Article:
Crossing the line

Last night I finished the second 9" by 12" piece in my Kandisky series of 6 (Hooking Point and Line to Plane).  The second piece is called Crossing the Line and it is hooked using Red Jack Palette Wools: Bittersweet Red 162; Riv 'n Dale 165; and Nymph Green 155.  The background is hooked using my pebbling technique.

My inspiration was Kandinsky's chapter "Line" which understands the line to be the product of a point moving through space.  It is the product of movement, a point that has leapt out of its static state into a dynamic moment.  The type of line that is produced will depend on forces acting on the point. 

The straight line, then, is the movement of the point on its course to infinity.  It represents endless movement in a direction, whether it be horizonal, vertical, or diagonal.  Horizonal movement represents flatness and coldness.  Vertical represents height and warmness.  The diagonal represents a combination of these, being both cold and warm in its temperature.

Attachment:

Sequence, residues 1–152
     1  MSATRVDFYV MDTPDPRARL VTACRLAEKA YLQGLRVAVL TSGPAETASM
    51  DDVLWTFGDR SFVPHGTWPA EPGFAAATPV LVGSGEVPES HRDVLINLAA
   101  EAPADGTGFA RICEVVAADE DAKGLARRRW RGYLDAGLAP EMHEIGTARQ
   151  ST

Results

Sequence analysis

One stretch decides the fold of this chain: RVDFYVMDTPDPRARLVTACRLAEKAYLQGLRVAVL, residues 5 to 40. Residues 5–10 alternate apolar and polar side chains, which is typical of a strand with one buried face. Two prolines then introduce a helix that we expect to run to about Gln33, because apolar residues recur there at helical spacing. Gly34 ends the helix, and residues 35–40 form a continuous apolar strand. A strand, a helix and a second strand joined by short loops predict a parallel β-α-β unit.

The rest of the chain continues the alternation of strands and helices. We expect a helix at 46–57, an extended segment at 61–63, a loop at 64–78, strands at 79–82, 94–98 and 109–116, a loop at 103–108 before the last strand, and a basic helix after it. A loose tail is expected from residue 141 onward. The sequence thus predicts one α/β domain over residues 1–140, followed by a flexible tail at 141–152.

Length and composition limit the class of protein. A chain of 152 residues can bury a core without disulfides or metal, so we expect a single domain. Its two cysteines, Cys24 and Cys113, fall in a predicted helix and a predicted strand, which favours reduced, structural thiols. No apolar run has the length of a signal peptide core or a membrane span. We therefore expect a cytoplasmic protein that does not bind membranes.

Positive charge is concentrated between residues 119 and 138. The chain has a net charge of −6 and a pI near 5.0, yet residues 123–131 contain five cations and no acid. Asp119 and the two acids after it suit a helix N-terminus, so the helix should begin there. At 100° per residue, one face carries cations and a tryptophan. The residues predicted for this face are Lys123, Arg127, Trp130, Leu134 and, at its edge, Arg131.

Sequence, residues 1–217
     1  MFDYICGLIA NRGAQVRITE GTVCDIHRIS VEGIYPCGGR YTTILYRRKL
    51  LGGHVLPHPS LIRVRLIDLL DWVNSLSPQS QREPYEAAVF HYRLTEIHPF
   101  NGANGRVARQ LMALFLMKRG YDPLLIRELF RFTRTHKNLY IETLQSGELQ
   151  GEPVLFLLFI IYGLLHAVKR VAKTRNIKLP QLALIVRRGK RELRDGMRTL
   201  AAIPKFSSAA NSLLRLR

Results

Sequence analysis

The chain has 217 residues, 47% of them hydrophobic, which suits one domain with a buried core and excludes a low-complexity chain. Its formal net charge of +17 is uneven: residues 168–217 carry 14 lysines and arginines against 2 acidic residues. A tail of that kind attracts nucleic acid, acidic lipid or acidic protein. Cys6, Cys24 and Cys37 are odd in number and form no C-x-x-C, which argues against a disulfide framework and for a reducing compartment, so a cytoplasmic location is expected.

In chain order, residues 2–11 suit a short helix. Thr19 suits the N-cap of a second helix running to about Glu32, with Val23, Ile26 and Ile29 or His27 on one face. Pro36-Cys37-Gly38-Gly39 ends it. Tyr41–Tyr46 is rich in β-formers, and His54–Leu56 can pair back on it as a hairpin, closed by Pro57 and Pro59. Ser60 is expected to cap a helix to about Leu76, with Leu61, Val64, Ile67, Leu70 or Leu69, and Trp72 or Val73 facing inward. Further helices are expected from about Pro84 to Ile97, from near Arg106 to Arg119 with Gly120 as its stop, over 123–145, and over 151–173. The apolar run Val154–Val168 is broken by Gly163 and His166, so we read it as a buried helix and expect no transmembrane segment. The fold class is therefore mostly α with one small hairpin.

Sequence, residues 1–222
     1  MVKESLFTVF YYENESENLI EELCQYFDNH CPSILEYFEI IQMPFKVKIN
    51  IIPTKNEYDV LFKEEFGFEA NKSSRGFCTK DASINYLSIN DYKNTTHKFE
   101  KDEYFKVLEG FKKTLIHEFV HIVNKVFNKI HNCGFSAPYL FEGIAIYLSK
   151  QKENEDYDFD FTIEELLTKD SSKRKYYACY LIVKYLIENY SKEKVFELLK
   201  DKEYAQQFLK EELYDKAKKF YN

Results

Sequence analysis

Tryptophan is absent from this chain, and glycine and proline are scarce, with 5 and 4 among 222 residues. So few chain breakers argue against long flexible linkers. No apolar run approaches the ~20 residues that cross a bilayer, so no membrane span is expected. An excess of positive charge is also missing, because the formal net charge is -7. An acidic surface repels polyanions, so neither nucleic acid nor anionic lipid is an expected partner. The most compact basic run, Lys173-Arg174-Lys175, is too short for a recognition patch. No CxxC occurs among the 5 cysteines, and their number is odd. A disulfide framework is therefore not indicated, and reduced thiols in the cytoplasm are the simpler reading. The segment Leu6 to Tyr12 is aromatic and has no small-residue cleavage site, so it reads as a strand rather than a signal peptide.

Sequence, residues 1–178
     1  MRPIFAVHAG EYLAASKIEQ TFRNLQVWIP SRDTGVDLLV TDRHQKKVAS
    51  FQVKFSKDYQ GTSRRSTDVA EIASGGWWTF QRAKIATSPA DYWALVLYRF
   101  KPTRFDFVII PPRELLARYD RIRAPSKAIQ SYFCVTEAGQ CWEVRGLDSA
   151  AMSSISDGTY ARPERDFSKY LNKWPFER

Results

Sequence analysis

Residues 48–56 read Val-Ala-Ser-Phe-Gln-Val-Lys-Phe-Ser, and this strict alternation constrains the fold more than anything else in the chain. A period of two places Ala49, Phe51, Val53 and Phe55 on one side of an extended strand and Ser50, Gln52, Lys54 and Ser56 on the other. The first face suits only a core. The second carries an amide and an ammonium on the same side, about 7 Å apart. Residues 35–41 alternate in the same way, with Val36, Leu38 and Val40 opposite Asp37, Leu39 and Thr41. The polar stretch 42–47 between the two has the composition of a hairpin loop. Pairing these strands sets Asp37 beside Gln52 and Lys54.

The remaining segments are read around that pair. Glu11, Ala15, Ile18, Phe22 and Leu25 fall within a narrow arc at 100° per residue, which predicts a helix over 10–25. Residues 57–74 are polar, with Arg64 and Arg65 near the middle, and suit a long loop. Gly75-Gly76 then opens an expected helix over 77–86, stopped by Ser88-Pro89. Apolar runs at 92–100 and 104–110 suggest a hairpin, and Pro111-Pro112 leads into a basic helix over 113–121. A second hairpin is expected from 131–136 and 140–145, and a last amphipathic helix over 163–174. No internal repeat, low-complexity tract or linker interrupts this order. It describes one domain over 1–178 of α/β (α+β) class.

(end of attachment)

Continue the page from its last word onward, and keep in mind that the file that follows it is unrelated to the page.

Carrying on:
The movement of the lines I have hooked in Crossing the Line represent a collection of free straight lines in an acentric composition (that is: there is no common center where the lines all meet).  As such it carries within it advancing and retreating lines so that the collection is tense.  The lines have a loose affiliation with the plane behind it, piercing the plane rather than fusing with it.  According to Kandisky, "These lines are farthest removed from the point, which claws itself into the plane, since they especially have abandoned the element of rest" (Point and Line to Plane, p. 62).